N-acetylcysteine alone doesn't prevent contrast nephropathy after angiography (RCT, Circulation) - PulmCCM
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Nov 012011
 

More than 40 small, middling-quality studies (n~80, some randomized) showing inconsistent results as to whether antioxidant therapy with acetylcysteine or other drugs reduces the risk for contrast nephropathy / acute kidney injury after angiography or CT-angiography. A 2008 meta-analysis concluded Mucomyst was helpful, reducing risk of nephropathy by almost 40% vs saline alone. However, the authors noted a troublesome degree of heterogeneity in the included studies.

Berwanger and the ACT investigators seem to have settled this question. They randomized a whopping 2,308 patients undergoing angiography at 46 sites in Brazil to receive either Mucomyst (oral N-acetylcysteine 1200 mg twice daily for 2 days before and 2 days after the procedure), or placebo. All patients were high-risk (older than 70, or with diabetes, CHF, or hypotension). 98% of patients were hydrated (received at least the recommended amount of 1 mL/kg/hr of saline for at least 6 hours before and after the procedure).

The incidence of acute kidney injury (>25% increase in creatinine) was exactly 12.7% in both groups. Mortality/need for dialysis at 30 days (2′ endpoint) was ~2.25% in both groups. There was no benefit of acetylcysteine in even higher-risk subgroups (like those with renal failure or who got the highest dye loads).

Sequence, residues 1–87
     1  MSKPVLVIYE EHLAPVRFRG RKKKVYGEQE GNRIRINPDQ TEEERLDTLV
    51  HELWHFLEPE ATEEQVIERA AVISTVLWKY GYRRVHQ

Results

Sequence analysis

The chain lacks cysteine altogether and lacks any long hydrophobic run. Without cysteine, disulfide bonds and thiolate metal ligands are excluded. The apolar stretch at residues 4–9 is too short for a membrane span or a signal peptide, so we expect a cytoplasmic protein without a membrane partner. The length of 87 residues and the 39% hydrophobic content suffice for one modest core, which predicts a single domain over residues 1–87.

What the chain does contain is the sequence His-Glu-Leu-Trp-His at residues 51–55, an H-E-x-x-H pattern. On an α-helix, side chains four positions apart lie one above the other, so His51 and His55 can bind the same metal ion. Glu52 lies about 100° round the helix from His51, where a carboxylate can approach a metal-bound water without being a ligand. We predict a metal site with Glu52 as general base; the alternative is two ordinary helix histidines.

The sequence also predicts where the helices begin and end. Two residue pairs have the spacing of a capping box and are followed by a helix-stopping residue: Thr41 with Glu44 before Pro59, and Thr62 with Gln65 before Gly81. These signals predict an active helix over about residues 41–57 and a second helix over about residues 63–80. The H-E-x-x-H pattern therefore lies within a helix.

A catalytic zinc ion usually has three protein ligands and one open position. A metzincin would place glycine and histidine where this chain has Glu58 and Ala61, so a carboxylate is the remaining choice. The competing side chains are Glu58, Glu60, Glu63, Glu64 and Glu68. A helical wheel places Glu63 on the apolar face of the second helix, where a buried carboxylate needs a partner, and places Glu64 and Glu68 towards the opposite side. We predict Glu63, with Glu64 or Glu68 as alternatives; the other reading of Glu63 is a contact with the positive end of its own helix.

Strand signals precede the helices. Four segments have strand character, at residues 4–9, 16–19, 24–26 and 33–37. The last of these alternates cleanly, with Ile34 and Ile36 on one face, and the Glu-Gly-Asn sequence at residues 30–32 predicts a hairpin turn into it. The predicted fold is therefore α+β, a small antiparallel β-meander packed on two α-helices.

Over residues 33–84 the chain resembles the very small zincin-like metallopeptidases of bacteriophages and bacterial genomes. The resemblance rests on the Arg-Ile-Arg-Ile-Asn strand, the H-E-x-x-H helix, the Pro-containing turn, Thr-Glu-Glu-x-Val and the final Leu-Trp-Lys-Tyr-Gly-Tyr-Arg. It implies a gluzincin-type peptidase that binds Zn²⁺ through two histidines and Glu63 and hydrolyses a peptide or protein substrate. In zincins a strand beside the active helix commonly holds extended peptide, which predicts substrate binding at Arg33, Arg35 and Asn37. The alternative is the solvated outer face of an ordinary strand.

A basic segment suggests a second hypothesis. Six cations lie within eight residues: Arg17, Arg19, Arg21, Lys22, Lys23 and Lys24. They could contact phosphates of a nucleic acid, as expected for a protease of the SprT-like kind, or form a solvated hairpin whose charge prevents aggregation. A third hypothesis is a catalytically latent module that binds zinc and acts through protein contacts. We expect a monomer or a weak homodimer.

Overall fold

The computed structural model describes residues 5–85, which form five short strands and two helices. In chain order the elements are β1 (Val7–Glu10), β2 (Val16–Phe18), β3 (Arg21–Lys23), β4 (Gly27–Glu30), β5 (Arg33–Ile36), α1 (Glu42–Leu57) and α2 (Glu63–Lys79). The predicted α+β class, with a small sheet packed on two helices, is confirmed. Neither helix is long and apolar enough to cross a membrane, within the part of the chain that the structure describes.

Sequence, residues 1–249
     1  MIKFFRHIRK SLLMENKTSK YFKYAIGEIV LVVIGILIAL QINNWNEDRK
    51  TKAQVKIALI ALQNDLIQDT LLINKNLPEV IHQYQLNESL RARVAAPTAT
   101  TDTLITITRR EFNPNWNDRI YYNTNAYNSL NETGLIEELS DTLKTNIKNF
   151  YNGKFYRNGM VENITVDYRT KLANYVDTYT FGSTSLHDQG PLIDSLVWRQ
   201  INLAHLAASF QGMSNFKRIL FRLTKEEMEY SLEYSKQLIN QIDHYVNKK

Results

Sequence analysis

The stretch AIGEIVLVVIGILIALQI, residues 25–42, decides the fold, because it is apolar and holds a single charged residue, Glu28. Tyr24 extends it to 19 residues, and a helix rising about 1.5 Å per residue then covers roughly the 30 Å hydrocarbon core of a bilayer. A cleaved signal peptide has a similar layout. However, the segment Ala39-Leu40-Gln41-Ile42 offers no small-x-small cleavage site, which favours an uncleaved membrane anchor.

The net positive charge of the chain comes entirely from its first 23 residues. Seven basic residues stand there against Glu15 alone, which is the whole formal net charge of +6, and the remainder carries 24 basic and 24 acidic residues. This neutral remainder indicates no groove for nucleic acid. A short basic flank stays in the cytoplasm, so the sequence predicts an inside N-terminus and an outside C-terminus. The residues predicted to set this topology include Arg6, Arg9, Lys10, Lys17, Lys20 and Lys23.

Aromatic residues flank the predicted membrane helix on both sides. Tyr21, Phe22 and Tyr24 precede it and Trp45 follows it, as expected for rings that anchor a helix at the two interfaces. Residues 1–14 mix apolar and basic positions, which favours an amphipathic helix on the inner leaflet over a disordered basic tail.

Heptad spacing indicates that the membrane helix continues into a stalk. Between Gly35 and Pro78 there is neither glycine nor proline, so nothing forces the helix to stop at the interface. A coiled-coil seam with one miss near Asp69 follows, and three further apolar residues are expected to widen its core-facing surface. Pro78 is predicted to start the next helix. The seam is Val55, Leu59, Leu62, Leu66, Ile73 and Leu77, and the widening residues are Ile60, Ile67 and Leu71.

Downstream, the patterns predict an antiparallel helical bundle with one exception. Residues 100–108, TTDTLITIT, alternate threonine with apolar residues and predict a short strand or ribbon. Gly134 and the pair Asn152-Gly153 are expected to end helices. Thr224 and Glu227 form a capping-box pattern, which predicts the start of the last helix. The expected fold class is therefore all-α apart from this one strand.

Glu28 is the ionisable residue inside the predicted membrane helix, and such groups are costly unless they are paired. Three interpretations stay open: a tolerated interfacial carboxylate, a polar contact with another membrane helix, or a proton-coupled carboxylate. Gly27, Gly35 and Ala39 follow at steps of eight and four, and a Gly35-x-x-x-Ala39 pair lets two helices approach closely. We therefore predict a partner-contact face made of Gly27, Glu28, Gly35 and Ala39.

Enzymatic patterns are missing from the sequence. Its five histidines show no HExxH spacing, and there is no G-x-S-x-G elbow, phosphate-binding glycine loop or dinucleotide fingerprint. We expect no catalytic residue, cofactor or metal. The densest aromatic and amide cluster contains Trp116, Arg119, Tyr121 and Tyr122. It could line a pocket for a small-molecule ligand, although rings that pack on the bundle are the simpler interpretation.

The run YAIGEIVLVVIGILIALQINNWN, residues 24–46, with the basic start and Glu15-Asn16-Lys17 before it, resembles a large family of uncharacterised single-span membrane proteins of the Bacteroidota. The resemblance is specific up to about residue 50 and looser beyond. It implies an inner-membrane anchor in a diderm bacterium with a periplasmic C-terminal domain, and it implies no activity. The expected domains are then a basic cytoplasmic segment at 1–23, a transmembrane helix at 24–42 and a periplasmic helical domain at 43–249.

These were all patients undergoing invasive angiography (67% cardiac catheterizations), but one would think the lower dye load in CT-angiography would preclude any benefit of acetylcysteine for those patients, either.

Investigators gave NAC orally and didn’t give intravenous sodium bicarbonate, leaving the door open a tiny crack on this question (although not to me).

Berwanger et al. Acetylcysteine for Prevention of Renal Outcomes in Patients Undergoing Coronary and Peripheral Vascular Angiography. Circulation 2011; 124: 1250-1259. 

In related news, use of the proprietary RenalGuard system — which gives furosemide and normal saline in precise realtime adjusted doses to maintain urine output at desired levels — did reduce contrast nephropathy by an absolute 9% in a study published in the same issue. This has more biological plausibility as an effective method than oral NAC alone.

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